Issue #80

Fall 2021

All the Women in My Family Were Mad

by Deborah Happ

I spend my days dodging beggars downtown. Can you spare a coin, miss? Please, miss! On the worse days they pull me by my clothes, grab my arms. I don't, sir, sorry, I don't have anything. Mad, all of them. Poor things, they're all mad.

My grandmother was mad, I heard. She would take off her clothes in the middle of the street, I heard. She saw things, I heard, she was always on edge. You're just like your grandmother, I hear all the time. The same hands, the same nose, the same personality. If she lived in more liberal times, she would be just like you, I hear all the time.

How long will it take for me to go mad?

I wanted to be one of these people whose biggest fear isn't going crazy. Going so deep within myself no one else could reach me. Turning into an alligator whose belly is so full of its own ideas it would almost explode. Almost. The only thing keeping it from exploding would be the asylum workers who watch from afar, touching its head and saying everything will be alright, she's inside her head all the time, saying things no one really understands.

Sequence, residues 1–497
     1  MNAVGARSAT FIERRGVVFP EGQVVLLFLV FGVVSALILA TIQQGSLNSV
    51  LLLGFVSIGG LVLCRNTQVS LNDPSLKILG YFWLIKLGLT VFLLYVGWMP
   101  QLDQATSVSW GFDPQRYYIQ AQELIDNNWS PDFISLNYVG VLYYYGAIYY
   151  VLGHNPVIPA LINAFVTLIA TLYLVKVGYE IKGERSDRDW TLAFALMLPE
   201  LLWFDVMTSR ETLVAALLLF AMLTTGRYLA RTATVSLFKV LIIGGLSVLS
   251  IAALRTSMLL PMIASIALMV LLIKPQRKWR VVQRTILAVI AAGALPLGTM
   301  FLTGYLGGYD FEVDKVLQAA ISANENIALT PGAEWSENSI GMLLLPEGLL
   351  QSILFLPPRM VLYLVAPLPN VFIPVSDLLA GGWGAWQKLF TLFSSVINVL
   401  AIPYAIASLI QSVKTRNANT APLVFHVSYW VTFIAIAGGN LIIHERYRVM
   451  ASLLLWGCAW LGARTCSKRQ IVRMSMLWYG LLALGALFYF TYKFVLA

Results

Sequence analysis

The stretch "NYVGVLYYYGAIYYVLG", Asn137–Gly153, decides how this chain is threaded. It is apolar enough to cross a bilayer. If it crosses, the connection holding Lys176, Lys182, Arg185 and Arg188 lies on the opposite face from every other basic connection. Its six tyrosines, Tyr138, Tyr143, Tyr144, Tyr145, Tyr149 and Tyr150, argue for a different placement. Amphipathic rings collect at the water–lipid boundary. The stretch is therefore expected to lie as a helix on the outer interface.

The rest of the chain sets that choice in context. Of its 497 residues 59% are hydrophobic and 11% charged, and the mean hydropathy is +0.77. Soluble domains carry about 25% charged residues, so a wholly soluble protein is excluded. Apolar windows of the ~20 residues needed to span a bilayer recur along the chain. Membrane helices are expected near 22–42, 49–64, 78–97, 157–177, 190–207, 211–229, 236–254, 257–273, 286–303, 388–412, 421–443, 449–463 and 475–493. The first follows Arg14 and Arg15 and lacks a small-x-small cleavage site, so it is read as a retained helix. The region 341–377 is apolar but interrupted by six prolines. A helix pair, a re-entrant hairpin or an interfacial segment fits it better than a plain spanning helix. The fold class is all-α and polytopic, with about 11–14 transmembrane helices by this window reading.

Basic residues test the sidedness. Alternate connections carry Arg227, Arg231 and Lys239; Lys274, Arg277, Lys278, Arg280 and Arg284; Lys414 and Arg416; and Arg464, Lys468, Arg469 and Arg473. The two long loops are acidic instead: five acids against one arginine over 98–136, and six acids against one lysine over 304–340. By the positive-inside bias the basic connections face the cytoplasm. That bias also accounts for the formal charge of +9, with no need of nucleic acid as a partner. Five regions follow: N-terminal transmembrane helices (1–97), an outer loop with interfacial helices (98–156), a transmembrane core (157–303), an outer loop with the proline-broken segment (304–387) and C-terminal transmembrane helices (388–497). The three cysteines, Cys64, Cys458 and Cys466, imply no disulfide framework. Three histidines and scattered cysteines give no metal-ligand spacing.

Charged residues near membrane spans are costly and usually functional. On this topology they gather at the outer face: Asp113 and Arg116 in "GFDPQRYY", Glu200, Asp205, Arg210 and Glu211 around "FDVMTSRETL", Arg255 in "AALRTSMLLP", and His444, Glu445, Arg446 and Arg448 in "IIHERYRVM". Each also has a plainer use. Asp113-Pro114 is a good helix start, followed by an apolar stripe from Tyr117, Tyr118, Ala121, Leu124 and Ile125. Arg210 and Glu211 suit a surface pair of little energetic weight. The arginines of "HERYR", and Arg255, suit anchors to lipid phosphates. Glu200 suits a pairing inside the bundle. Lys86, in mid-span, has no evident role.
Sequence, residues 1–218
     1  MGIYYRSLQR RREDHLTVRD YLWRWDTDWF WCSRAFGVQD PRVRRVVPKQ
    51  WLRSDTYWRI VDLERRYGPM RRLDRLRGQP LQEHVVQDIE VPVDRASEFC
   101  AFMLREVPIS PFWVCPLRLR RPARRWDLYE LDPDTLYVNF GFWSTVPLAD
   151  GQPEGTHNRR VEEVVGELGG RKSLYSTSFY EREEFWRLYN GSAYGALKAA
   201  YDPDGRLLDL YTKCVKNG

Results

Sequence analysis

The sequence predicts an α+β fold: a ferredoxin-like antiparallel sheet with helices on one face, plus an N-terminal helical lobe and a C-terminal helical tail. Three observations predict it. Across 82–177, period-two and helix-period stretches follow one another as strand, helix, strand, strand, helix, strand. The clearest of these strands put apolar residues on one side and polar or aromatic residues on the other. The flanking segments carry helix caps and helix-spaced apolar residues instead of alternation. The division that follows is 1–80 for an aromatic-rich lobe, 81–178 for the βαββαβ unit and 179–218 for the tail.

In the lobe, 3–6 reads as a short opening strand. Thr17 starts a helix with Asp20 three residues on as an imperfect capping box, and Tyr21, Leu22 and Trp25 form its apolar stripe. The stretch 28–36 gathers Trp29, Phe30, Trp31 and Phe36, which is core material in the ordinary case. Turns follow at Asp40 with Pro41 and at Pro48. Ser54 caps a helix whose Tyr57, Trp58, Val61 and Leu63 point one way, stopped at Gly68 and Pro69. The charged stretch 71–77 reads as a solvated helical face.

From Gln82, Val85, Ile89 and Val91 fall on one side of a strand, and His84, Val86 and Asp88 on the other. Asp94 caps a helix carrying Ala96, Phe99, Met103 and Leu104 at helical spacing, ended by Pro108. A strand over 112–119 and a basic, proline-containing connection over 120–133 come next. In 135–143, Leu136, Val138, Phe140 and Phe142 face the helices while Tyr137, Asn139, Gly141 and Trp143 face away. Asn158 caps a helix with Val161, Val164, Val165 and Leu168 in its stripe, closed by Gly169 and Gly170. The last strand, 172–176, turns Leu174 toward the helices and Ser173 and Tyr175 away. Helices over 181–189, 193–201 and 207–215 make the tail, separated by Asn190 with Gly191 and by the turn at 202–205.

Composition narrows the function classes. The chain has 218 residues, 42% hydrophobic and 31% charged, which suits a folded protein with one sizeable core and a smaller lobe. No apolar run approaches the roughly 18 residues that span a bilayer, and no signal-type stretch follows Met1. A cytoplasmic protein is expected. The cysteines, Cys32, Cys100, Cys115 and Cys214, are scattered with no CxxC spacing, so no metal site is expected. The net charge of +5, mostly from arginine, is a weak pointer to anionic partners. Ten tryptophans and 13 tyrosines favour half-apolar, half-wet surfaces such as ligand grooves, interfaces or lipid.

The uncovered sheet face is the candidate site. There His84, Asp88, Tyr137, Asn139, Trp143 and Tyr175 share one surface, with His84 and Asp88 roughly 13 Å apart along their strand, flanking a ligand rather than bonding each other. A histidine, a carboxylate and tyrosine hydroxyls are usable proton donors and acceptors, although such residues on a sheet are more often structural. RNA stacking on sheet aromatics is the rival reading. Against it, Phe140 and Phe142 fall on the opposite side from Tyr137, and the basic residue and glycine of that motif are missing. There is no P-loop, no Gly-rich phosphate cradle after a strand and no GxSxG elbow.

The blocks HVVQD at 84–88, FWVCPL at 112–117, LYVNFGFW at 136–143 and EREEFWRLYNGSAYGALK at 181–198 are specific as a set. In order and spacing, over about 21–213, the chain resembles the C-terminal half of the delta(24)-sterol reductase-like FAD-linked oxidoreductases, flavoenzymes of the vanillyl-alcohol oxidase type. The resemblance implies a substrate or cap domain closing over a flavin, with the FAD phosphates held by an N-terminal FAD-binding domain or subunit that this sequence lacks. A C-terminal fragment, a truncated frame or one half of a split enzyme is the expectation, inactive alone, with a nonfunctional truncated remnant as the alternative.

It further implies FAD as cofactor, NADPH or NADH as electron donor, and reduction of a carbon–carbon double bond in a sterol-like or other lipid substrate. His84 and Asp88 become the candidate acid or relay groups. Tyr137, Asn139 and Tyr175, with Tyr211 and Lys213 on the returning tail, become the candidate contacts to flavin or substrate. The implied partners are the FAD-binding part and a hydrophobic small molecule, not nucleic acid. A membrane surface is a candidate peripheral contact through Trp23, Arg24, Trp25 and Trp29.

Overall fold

After all, what are the limits of the mind?

I dreamed of you last night. It wasn't a dream, really. It was a hallucination caused by the forest xaman's tea. It's a sacred drink, I heard. It opens you up to new worlds, I heard, new understanding of yourself.

And now I am convinced I can see the future.

I saw you clearly last night. We were fucking like there wasn't anything else in the world. The voice in my mind told me that you would come find me.

I am waiting.

I see the future.

The forest xaman's tea also told me that I would go mad. This is just the first step, the voice in my heard told me. You will live in complete isolation and no one will recognize you, lost in your own mind.

I am waiting.

I see the future.

Author Bio


Deborah Happ is a queer Brazilian living in Cologne. She's still getting used to people not wincing when they hear about her wife.